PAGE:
“We’re building up a new 21st Century Cyber Corps, a band of expert volunteers, leaders in industry, who are going advise us on how to keep ahead in the cyber space race,” Fallon reportedly said.
“The price of an online attack could invite a response from any domain — air, land, sea or cyber space,” Fallon told the Chatham House foreign affairs think tank, according to The Mirror.
The threat posed by anonymous violence and money is so great the answer to the question “is terrorism or a cyberattack an act of belligerence” is apparently “yes.” In that respect, the act of responding with violence will be comparatively easy. It is who the State is to bomb that will be problematic.
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Moonwalking with Einstein: The Art and Science of Remembering Everything, by Joshua Foer. This book recounts Foer’s year-long quest to improve his memory under the tutelage of top “mental athletes.” He draws on cutting-edge research, a surprising cultural history of remembering, and venerable tricks of the mentalist’s trade to transform our understanding of human memory. From the United States Memory Championship to deep within the author’s own mind, his journey reminds us that, in every way that matters, we are the sum of our memories.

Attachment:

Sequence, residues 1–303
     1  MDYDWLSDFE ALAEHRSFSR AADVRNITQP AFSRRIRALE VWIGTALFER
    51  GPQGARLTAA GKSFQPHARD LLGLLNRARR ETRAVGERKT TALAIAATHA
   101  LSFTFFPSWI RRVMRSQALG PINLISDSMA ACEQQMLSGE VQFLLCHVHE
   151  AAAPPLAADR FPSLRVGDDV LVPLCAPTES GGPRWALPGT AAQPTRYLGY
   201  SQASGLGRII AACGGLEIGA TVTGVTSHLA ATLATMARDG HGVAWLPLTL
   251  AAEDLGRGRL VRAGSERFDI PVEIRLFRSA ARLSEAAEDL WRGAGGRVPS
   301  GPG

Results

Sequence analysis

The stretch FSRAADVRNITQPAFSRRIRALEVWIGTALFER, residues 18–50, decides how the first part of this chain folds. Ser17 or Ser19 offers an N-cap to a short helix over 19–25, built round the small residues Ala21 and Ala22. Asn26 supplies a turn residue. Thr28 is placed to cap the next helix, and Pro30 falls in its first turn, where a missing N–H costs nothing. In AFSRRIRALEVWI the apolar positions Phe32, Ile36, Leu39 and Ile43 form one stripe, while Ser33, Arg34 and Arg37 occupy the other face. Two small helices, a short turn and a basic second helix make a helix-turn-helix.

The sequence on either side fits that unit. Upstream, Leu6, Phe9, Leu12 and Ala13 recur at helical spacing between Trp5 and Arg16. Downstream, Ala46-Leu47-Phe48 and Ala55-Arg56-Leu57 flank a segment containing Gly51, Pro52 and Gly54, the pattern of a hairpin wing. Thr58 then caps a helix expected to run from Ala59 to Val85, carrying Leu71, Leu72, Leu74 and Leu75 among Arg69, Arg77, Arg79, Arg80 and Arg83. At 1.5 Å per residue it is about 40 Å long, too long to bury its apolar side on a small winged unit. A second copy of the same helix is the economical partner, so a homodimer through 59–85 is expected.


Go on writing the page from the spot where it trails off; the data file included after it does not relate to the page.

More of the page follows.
Magnum! The Wild Weasels in Desert Storm: The Elimination of Iraq’s Air Defence, by Brick Eisel and James Schreiner. This book is based upon a journal Schreiner kept during his deployment to the Persian Gulf region for Operations Desert Shield and Desert Storm. Building on that record and the recollections of other F-4G Wild Weasel aircrew, the authors show a slice of what life and war was like during that time.